The Canadian Innovators in Education Awards

This year's deadline:
18 May 2016

CEA and Reader’s Digest Canada Launch the 2016 Canadian Innovators in Education Awards

$40,000 in prizes available to school districts that have influenced lasting change in their education systems.

The Canadian Innovators in Education Awards will celebrate and promote educators who are leading lasting and system-changing initiatives at all levels of K-12 education in Canada.  

FIRST PRIZE IS $25,000. THE SECOND AND THIRD PRIZES ARE  $10,000 AND $5,000, RESPECTIVELY. 

These awards will recognize and showcase the work of teachers, principals and administrators who are developing innovative teaching and learning programs throughout their school districts with a particular focus on improving student engagement and learning.

 The cash prizes will be presented to the winning schools/school districts to continue to support and grow the innovative programs and initiatives that are being recognized by these awards.

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Reader’s Digest feature article on the winners of the 2015 Innovators in Education Awards. 

ELIGIBILITY

This award is available to publicly-funded and private elementary, middle, and secondary schools in Canada, including Quebec CÉGEPs.

The application should feature a group of schools (and/or all schools) in a school district that have implements a successful, sustainable and scalable initiative to deeply engage students in their learning. Projects that are strictly extracurricular will not be considered. The jury will be looking for established districtwide programs that have influenced the school cultures, enhanced school success plans, provide deep learning environments for both students and teachers, and demonstrate the potential to be implemented systemically by other school districts. 

Applicants whose initiative has received any monetary contribution(s) from prizes, awards, bursaries, grants, etc. between March 1, 2015 and May 18, 2016 are not eligible for this award.

The recognition

Beyond the significant prize money, representatives from the award-winning programs will profiled in a Reader’s Digest Canada feature length article, will be honoured at a national CEA/Reader’s Digest Canada event and be profiled nationally to the CEA network through its various communications channels to encourage continued learning and sharing among educators.

Application information

In 500 words or less, introduce your successful program, why it’s innovative and has the potential to heighten student success in other school districts across Canada.
The deadline to submit your online application form, which will include a 500-words or less executive summary is 5 p.m. (Pacific Time) May 18, 2016.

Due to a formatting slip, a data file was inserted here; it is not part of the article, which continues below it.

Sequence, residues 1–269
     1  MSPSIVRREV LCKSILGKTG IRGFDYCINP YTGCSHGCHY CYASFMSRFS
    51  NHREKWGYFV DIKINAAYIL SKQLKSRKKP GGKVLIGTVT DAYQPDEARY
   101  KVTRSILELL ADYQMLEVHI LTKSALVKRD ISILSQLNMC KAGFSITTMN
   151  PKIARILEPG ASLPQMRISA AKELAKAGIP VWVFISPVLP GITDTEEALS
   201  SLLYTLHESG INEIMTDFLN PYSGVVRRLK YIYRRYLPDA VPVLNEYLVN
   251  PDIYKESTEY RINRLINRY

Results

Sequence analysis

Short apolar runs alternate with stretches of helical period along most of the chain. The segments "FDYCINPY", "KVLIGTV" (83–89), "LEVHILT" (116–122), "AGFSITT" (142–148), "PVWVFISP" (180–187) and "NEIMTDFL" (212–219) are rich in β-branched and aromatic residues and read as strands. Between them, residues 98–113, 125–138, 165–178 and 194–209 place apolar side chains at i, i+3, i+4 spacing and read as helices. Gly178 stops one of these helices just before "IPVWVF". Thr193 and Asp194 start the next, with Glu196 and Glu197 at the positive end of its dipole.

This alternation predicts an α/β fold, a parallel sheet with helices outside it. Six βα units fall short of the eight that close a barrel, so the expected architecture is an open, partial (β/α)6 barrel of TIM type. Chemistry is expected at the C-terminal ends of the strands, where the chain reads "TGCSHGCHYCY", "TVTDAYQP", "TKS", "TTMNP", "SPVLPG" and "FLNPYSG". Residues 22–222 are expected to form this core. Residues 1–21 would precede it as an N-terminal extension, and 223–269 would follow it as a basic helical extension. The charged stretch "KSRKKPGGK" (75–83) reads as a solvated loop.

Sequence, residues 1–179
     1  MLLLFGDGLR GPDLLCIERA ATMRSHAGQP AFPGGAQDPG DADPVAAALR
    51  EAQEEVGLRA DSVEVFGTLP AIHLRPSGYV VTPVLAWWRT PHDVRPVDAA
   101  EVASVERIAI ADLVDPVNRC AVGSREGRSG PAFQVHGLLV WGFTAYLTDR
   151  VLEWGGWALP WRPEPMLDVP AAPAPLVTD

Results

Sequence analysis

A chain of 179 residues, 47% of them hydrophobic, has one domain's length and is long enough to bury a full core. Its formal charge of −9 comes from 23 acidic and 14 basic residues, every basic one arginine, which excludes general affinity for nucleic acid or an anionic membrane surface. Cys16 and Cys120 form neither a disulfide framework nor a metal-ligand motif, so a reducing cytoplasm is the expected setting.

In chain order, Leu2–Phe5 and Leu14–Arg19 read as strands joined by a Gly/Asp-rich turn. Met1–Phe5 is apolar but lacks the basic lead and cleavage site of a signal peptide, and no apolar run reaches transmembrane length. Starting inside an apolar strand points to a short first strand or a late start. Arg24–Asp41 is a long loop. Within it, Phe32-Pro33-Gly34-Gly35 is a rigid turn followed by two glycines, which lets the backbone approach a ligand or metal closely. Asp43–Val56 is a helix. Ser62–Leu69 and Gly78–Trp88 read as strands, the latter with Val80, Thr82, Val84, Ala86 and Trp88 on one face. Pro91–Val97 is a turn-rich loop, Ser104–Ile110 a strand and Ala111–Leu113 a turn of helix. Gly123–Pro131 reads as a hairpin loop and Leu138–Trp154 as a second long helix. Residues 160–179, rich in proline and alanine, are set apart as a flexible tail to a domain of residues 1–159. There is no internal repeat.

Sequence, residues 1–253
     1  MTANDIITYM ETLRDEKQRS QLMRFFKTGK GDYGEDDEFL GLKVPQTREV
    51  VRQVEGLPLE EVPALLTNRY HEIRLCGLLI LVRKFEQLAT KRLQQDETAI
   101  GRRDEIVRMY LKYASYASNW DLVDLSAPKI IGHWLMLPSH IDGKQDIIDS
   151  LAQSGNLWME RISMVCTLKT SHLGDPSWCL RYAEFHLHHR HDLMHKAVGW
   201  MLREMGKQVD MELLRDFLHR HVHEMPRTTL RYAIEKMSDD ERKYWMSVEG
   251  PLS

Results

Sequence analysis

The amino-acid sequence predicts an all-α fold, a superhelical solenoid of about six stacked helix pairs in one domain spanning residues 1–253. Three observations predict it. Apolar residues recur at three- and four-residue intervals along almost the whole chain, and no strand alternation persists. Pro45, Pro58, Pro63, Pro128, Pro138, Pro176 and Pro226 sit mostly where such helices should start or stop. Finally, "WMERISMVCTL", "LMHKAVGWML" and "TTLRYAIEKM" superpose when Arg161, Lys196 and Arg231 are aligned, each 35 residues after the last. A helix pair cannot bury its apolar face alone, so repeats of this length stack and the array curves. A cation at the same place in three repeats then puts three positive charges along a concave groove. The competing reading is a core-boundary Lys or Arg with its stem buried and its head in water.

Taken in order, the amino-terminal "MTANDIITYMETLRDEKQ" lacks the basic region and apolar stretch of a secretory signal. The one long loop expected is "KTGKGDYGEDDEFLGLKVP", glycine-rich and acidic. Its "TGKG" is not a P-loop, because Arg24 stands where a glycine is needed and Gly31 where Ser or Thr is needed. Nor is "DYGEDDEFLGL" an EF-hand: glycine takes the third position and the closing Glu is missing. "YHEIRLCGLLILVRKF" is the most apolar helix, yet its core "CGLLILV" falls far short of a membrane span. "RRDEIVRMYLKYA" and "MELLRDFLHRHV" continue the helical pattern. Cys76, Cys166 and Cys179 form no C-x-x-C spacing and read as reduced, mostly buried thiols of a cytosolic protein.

The Stage 1 Selection Committee will shortlist the top ten (10) applications to request a more detailed Stage 2 application, which will be reviewed by a jury that will include representatives from both CEA and Reader’s Digest Canada.

If your program is shortlisted to participate in a Stage 2 application process, please consult the awards selection criteria further down this page.

Other important dates in the selection process: 
  • May 27, 2016 - Shortlisted Stage 2 candidates will be contacted
  • July 8, 2016 - Deadline to receive Stage 2 applications
  • September 12, 2016 – Award winners will be contacted.

DEADLINE FOR AWARD APPLICATIONS IS WEDNESDAY MAY 18, 2016 at 5:00pm PST.

Winners will be announced publicly in October 2016.

2015 Winners of the $40,000 Canadian Innovators in Education Awards

Courageous leaders who have provoked deep meaningful change throughout their schools honoured.

First Prize - $25,000

Instructional Leadership Team (ILT)
Central Okanagan School District
Kelowna, BC  

Second Prize - $10,000

A district-wide blended learning system
Sun West School Division
Rosetown, SK 

Third Prize - $5,000

Leadership for Literacy (L4L)
South Slave Divisional Education Council (SSDEC)
Fort Smith, NT

This feature-length article featured these three award winners in the December 2015 issue of Reader’s Digest.

First Prize - $25,000 

Instructional Leadership Team (ILT)
Central Okanagan School District
Kelowna, BC

The Instructional Leadership Team (ILT), comprised of a District Principal and six teachers, was established to improve student learning in all 43 schools. Teachers have the freedom to act more like their students, collaborating to solve problems, and this district has seen teacher and student engagement flourish as a result.

Few districts have gone to this length for teachers’ professional learning. It has impacted all of the teaching staff and has led to a dramatic change in how this school district looks at learning and how professionals work together. The best thing that we can do is to help teachers improve their practice. This is about investing in teachers in a really thoughtful way that has everyone on side.

Second Prize - $10,000

A district-wide blended learning system
Sun West School Division
Rosetown, SK

In order to infuse 21st Century skill development in all aspects of learning within the division, the SWSD Board established a $1,000,000 innovation fund for a 3-year period as a lever to encourage schools to develop innovative projects focused on improving student learning and teaching. This focus on 21st Century Competencies (21CC) coupled with the Distance Learning Centre’s digitized supports and added financial incentives have created a real appetite for enhanced PD opportunities.